I wouldn’t be surprised if these figures are even higher in our sector. Let’s face it – the organisations many of us work for are no strangers to AI. For years we’ve outpaced other industries, adopting AI and machine learning models to drive growth, improve customer experience and unlock new revenue streams. It’s likely that many of us have used facial recognition for seamless payments in-store, or taken advantage of highly personalised offers powered by AI.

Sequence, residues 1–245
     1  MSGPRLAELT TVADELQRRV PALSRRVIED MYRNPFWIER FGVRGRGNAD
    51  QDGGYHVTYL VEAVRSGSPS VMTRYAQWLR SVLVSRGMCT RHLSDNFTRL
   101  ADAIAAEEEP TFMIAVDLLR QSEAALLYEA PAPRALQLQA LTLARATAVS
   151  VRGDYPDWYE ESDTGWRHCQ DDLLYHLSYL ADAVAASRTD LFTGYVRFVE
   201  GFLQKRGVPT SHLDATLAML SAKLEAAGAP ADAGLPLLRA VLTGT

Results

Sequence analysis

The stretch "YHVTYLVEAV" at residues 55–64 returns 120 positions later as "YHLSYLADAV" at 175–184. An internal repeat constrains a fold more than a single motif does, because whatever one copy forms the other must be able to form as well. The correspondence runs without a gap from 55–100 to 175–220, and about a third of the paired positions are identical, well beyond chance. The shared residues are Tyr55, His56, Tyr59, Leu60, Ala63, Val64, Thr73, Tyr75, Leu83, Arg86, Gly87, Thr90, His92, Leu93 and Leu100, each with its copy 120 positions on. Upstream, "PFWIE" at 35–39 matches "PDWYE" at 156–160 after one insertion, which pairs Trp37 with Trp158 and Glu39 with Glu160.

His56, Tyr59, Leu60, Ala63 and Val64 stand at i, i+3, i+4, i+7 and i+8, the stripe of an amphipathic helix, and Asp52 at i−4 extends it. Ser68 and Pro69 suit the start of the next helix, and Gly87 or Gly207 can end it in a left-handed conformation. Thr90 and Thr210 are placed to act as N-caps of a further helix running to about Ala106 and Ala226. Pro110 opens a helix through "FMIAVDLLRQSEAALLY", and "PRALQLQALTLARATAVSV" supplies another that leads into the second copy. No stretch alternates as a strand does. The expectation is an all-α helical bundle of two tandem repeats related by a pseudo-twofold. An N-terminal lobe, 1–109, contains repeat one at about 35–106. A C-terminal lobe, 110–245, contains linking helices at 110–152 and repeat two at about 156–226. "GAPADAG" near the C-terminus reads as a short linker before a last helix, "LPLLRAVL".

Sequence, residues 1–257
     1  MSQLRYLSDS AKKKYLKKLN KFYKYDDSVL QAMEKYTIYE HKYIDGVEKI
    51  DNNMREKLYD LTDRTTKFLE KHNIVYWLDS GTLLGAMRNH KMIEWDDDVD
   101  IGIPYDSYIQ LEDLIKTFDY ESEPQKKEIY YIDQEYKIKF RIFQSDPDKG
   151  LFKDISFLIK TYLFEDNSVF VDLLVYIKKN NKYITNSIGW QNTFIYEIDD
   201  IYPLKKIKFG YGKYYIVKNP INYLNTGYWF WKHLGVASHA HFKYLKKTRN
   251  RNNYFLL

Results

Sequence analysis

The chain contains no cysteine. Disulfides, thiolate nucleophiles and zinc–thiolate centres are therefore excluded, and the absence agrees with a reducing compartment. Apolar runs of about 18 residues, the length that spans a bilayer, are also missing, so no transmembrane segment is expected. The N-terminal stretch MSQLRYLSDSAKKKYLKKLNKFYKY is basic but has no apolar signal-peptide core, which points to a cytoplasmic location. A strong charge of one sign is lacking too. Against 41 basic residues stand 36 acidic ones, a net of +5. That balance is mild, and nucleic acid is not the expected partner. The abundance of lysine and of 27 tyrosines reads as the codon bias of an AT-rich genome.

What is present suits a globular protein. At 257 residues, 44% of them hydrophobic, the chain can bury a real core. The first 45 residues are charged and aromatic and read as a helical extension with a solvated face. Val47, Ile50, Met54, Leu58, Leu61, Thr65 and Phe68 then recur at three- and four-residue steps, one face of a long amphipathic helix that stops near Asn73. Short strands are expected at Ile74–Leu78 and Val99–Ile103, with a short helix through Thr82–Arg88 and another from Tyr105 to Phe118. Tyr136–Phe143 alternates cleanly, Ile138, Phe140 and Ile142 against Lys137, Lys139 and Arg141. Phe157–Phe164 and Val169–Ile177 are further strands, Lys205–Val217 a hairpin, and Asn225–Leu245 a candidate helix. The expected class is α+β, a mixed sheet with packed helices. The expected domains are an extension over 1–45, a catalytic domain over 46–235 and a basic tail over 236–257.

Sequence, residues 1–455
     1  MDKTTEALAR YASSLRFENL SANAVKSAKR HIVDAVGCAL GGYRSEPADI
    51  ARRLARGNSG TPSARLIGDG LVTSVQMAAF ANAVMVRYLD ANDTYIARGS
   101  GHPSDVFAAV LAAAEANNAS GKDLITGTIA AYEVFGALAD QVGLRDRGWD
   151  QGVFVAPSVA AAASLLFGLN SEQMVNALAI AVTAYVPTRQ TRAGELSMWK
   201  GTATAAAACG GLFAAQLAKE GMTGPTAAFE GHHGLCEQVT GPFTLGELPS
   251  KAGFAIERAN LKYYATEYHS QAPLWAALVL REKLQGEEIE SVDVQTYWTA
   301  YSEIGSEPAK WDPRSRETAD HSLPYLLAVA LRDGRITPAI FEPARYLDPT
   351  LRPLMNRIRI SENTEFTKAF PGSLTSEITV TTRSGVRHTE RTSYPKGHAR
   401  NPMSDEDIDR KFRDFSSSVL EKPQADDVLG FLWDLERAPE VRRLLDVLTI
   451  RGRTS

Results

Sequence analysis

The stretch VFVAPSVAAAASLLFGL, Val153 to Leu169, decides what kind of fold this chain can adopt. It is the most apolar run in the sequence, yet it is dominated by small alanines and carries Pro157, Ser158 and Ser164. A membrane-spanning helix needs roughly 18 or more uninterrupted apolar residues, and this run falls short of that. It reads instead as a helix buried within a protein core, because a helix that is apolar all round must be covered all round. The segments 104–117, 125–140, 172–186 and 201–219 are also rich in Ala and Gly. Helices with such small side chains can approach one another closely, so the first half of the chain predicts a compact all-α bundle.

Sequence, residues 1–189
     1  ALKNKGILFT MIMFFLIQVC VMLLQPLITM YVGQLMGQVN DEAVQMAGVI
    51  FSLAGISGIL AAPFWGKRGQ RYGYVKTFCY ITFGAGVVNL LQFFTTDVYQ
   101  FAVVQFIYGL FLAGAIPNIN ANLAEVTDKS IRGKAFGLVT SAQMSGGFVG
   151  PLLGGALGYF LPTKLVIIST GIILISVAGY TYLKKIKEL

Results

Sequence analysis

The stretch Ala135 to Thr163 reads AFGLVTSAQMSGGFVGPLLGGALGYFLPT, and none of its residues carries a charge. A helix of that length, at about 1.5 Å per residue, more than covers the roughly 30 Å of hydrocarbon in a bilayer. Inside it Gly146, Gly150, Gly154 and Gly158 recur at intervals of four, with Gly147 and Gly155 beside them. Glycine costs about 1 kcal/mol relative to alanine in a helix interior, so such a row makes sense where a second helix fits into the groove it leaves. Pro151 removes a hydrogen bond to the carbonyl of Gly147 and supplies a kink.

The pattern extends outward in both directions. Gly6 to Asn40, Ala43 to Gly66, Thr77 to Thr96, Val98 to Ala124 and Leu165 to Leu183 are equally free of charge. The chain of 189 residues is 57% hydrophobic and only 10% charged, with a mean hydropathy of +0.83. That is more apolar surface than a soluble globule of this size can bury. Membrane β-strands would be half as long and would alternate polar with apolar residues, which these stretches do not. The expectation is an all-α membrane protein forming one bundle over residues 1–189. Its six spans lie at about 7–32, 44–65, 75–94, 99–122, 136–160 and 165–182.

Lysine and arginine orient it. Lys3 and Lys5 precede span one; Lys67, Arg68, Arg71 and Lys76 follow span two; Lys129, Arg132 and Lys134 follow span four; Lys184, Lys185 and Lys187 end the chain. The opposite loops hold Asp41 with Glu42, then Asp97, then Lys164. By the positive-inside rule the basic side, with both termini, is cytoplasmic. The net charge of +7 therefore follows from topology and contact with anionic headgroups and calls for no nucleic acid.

There are no signs of adoption slowing down, either. With a 2021 survey from J.P. Morgan Chase highlighting that 89% of respondents already use mobile apps for banking and 41% want more personalised banking experiences, there is definitely an appetite for integrated tech and the kind of comprehensive data gathering enabled and processed through AI and machine learning. At Cashflows, for instance, we recently rolled out a new AI-powered tool called Fast Onboarding, which significantly reduces the time it takes for a business customer to be onboarded, whether directly or via a partner, making the process as easy and streamlined as possible without cutting corners on regulatory compliance or compromising on KYC and AML. The platform automates bank validation and self-populates data from official sources (such as Companies House) wherever possible. Of course, we augment this with human intervention where needed. But already, we’re hearing that it’s been a boon when it comes to enhancing the customer experience; Fast Onboarding has enabled over 80% of applications to be approved within one business day, driving fast, consistent decisions on applications.